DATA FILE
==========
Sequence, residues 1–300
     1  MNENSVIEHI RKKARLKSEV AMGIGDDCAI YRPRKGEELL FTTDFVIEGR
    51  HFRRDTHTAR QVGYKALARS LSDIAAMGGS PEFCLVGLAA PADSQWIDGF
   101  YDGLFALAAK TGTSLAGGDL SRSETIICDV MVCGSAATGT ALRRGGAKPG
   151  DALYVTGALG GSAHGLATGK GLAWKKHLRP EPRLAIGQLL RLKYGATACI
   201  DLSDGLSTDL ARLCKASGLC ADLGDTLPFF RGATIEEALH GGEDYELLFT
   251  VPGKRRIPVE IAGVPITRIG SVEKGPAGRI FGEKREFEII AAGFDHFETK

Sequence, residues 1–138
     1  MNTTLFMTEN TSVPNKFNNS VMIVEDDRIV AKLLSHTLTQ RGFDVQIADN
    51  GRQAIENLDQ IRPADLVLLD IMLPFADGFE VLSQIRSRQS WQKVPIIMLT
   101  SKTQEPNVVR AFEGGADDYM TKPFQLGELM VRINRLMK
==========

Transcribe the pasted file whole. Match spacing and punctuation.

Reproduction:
Sequence, residues 1–300
     1  MNENSVIEHI RKKARLKSEV AMGIGDDCAI YRPRKGEELL FTTDFVIEGR
    51  HFRRDTHTAR QVGYKALARS LSDIAAMGGS PEFCLVGLAA PADSQWIDGF
   101  YDGLFALAAK TGTSLAGGDL SRSETIICDV MVCGSAATGT ALRRGGAKPG
   151  DALYVTGALG GSAHGLATGK GLAWKKHLRP EPRLAIGQLL RLKYGATACI
   201  DLSDGLSTDL ARLCKASGLC ADLGDTLPFF RGATIEEALH GGEDYELLFT
   251  VPGKRRIPVE IAGVPITRIG SVEKGPAGRI FGEKREFEII AAGFDHFETK

Sequence, residues 1–138
     1  MNTTLFMTEN TSVPNKFNNS VMIVEDDRIV AKLLSHTLTQ RGFDVQIADN
    51  GRQAIENLDQ IRPADLVLLD IMLPFADGFE VLSQIRSRQS WQKVPIIMLT
   101  SKTQEPNVVR AFEGGADDYM TKPFQLGELM VRINRLMK